I really really hope it isn’t.  I’m aware that I might be kind of a bit naïve
and maybe, in some ways, romantic when it comes to what goes on with Twitter.  My friend, whom I was having the meeting with,
sees social media simply (I think) as a marketing gig.   Indeed – almost all (if not all) of his
tweets are links to web pages often promoting an event or promoting social media
as a marketing tool in itself.  Hey ,
there’s nothing wrong with this and I think he knows that I think that, but I
have, shall we say, a ‘softer’ approach and I love Twitter because I get to,
for example,  follow Stephen Fry, someone
who  sees and uses Twitter from a
position a million miles away from my friend. 
I can’t help be reminded of the ‘marketing at’ position and strategy adopted by some
companies in Second Life bombed.  Isn’t seeing
a bunch of tweets from someone you follow that just point to websites that
advertise an event or advertise the marketing medium itself a bit too much like
getting direct text (SMS) messages?

I don’t know where Twitter will go when it gets monetized in
the future but if it simply becomes a place full of social media marketers then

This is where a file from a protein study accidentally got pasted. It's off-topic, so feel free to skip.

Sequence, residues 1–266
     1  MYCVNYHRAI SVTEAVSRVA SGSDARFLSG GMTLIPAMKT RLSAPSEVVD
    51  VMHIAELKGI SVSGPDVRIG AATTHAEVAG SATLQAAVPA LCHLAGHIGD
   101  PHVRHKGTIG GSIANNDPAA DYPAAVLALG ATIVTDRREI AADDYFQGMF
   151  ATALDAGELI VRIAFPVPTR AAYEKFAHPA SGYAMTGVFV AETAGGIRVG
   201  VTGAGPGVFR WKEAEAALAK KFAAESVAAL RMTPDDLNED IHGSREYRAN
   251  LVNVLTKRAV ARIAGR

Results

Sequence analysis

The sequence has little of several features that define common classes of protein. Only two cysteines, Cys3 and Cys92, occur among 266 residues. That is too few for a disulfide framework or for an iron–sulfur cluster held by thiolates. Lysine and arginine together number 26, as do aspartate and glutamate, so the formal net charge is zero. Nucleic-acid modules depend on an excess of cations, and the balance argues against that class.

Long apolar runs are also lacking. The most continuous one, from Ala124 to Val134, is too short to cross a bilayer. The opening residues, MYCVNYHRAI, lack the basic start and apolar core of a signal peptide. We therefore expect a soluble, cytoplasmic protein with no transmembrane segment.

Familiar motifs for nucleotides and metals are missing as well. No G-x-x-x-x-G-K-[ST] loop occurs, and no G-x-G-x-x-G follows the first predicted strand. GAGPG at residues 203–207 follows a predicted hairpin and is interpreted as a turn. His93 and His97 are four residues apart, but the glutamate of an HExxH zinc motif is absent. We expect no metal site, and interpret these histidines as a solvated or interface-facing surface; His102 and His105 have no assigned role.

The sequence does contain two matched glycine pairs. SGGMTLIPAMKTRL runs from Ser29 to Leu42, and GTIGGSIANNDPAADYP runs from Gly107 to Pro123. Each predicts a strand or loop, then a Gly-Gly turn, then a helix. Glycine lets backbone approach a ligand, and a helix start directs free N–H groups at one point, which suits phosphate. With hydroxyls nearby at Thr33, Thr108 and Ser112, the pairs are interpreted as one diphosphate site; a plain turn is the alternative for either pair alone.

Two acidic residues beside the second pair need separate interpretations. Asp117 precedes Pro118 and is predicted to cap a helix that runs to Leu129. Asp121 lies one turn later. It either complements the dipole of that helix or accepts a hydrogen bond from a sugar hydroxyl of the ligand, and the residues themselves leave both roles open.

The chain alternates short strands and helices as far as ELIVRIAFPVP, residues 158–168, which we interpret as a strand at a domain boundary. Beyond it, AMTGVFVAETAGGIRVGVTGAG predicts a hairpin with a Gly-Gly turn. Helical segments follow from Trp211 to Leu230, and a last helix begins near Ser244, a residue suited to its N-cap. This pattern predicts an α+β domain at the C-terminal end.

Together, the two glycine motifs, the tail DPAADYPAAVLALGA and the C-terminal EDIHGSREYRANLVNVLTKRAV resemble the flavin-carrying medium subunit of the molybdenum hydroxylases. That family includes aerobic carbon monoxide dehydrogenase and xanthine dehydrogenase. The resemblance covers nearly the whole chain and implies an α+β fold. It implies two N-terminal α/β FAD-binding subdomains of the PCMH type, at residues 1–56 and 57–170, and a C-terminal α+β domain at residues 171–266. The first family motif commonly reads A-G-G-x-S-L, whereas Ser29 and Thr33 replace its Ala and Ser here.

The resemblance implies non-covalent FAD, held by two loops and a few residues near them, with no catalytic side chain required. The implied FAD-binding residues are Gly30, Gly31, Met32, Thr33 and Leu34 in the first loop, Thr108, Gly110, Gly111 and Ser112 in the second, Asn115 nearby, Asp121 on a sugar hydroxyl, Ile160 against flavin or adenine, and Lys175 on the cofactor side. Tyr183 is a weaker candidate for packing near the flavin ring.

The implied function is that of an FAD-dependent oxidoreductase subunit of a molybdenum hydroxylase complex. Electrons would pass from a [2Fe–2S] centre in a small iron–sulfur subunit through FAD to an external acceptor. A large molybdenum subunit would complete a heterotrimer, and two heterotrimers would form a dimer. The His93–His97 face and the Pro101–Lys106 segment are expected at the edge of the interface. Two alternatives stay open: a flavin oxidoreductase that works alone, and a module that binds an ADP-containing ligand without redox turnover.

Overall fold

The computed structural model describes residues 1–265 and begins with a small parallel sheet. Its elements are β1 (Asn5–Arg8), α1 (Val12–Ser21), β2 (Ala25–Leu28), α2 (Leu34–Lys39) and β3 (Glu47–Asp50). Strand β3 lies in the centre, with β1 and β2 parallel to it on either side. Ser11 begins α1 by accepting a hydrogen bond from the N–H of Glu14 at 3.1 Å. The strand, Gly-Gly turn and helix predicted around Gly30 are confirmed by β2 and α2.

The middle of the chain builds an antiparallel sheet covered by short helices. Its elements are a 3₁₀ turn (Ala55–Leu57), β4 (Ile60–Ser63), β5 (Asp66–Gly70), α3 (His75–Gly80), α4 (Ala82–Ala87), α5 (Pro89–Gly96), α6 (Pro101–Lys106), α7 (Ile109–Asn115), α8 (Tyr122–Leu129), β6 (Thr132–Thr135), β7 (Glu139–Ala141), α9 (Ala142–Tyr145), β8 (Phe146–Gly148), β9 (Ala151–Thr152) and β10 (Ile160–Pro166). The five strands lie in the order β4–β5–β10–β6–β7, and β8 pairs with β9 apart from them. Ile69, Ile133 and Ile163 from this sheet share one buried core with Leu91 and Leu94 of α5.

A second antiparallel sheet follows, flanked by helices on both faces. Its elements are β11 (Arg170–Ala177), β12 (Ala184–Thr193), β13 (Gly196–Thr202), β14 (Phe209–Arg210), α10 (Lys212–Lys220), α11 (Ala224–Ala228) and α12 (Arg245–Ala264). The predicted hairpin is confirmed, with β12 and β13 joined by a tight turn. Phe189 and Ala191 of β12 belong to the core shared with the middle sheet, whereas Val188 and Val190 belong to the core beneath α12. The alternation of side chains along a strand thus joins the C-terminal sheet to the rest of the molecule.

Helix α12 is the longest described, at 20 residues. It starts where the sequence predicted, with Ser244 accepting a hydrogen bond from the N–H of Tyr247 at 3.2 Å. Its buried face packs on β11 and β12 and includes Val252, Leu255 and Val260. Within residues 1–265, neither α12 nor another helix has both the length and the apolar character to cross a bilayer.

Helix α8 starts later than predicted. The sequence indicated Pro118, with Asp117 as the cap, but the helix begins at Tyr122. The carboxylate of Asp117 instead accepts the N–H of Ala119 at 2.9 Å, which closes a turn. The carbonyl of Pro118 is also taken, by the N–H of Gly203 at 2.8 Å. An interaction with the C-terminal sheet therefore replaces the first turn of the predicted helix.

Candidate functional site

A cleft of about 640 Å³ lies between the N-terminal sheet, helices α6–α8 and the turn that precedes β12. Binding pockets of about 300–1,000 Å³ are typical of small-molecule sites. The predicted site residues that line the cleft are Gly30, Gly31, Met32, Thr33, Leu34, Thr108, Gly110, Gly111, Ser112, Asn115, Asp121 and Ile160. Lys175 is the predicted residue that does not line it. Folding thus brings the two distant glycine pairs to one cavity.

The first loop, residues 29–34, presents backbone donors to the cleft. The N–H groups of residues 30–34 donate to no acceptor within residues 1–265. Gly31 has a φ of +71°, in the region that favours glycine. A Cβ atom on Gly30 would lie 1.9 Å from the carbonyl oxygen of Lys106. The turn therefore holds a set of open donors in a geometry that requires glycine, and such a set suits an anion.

I’ll probably bail – for me, whilst I am happy to see all sorts of people doing
and experimenting with all sorts of things, the magic remains seeing what
people like Stephen Fry are up to, having a laugh with Will Carling and being
part of topics and conversations with some really cool and imaginative people.

How many people am I (or should I be) online?

I was reading this morning on Twitter that LinkedIn will allow status comments soon (or it already is). And over the weekend I was looking at which allows the status updating of multiple media at once.  (there are several other services that will do this too)  So, for example, configuring your ping account means you can update facebook, twitter and tumblr (and many others) in one hit…

Social_media  Now, for some time now I have wondered about the wisdom of having stuff about me available online.  This is nothing new of course and people have, for some time now, wondered how sensible it might be for your potential new employer to see that tagged photo of you on facebook pissed out of your head.  Additionally, the facebook status of 'Carl is pissed off with his job' might not do many favors with one's current employer either….